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The Daily Wildcat

The Daily Wildcat

 

    Low bounces back on ‘The Invisible Way’

    Low+bounces+back+on+The+Invisible+Way

    The best thing about Low is that it’s never gone away. Much has been made of the anniversaries that The Invisible Way represents for the band — a 10th studio album, 20 years as a band and the ongoing marriage of songwriters Alan Sparhawk and Mimi Parker — but there’s little indication in the music that The Invisible Way is anything more than a typical Low record.

    The stunning harmonies and deft guitar work of “Amethyst” are exactly the kind of things one might find on Low’s 1993 debut, give or take some electric amplifiers.

    Elsewhere, songs like opener “Plastic Cup” make welcome additions to the Low catalogue for any number of reasons. In “Plastic Cup,” Sparhawk and Parker’s lyrical skills shine, beginning with the line “You could always count on your friends to get you high” which sounds far more tragic when sung in harmony over acoustic chord progressions. In fact, Low is in top lyrical form on The Invisible Way, with highlight “Holy Ghost” getting in great lines like “feeds my passion for transcendence … makes me wish I was empty.”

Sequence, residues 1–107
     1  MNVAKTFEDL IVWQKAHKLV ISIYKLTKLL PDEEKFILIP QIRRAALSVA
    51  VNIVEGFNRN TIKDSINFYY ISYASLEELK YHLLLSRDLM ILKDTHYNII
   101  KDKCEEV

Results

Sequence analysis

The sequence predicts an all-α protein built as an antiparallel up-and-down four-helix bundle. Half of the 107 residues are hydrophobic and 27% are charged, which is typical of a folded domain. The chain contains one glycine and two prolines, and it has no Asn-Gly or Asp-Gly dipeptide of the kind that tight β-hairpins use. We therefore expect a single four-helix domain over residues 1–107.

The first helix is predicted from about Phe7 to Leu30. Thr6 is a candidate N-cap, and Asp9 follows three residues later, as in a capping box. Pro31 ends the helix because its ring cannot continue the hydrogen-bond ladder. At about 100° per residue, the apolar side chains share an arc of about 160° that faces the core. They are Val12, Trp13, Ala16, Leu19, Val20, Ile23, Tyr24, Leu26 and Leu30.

While the band’s earliest material was notable for how it shaped and expanded a burgeoning genre, nowadays it seems like the band is quite comfortable with its past melodic achievements and content to write harmonious dirges without an electric instrument in sight.

    As with any Low album, the true gems stand out due to their melodic and vocal beauty, the elegiac “Clarence White” among them. Led by Sparhawk’s plaintive wailing, the song seems like it might collapse into a spiritual dirge at any moment. One doesn’t necessarily turn to slowcore for energy, but there was a time when Low was truly a formidable and adventurous band, and tracks like “Plastic Cup” and “Clarence White” serve as reminders of those early days.

    Parker’s more patient vocals are still the highlight they’ve always been, as evidenced by her soulful croon in “Four Score.” The album’s most affective moment surprisingly comes not in its quietest stretch, but as Sparhawk’s acoustic ballad “On My Own” transitions into a distortion-laden march to the grave. As soft as Low might want to get sometimes, sparks fly when the duo plugs in.

    However, as enjoyable as Low’s familiar style is, The Invisible Way begins to drag by the end. The end result is slightly forgettable, if more-than-adequate, Low album.

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